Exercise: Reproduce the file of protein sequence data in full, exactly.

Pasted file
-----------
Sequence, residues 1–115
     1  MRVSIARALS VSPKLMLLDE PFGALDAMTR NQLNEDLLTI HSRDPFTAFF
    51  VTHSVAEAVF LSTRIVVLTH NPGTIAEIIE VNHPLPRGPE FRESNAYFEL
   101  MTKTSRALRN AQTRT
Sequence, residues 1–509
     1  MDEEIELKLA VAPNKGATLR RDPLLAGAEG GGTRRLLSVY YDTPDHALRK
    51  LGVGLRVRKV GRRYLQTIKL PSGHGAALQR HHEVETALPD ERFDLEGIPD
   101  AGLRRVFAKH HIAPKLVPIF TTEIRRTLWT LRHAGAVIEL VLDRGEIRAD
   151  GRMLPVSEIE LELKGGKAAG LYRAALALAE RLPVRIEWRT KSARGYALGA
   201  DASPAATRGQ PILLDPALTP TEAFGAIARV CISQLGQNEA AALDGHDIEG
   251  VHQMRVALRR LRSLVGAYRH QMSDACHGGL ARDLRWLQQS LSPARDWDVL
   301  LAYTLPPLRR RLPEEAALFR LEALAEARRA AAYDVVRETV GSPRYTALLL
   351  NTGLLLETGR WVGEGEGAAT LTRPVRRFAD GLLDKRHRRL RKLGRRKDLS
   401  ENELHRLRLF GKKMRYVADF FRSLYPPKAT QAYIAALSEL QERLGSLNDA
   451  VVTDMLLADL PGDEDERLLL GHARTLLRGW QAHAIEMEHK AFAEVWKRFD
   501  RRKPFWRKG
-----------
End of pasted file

Sequence, residues 1–115
     1  MRVSIARALS VSPKLMLLDE PFGALDAMTR NQLNEDLLTI HSRDPFTAFF
    51  VTHSVAEAVF LSTRIVVLTH NPGTIAEIIE VNHPLPRGPE FRESNAYFEL
   101  MTKTSRALRN AQTRT
Sequence, residues 1–509
     1  MDEEIELKLA VAPNKGATLR RDPLLAGAEG GGTRRLLSVY YDTPDHALRK
    51  LGVGLRVRKV GRRYLQTIKL PSGHGAALQR HHEVETALPD ERFDLEGIPD
   101  AGLRRVFAKH HIAPKLVPIF TTEIRRTLWT LRHAGAVIEL VLDRGEIRAD
   151  GRMLPVSEIE LELKGGKAAG LYRAALALAE RLPVRIEWRT KSARGYALGA
   201  DASPAATRGQ PILLDPALTP TEAFGAIARV CISQLGQNEA AALDGHDIEG
   251  VHQMRVALRR LRSLVGAYRH QMSDACHGGL ARDLRWLQQS LSPARDWDVL
   301  LAYTLPPLRR RLPEEAALFR LEALAEARRA AAYDVVRETV GSPRYTALLL
   351  NTGLLLETGR WVGEGEGAAT LTRPVRRFAD GLLDKRHRRL RKLGRRKDLS
   401  ENELHRLRLF GKKMRYVADF FRSLYPPKAT QAYIAALSEL QERLGSLNDA
   451  VVTDMLLADL PGDEDERLLL GHARTLLRGW QAHAIEMEHK AFAEVWKRFD
   501  RRKPFWRKG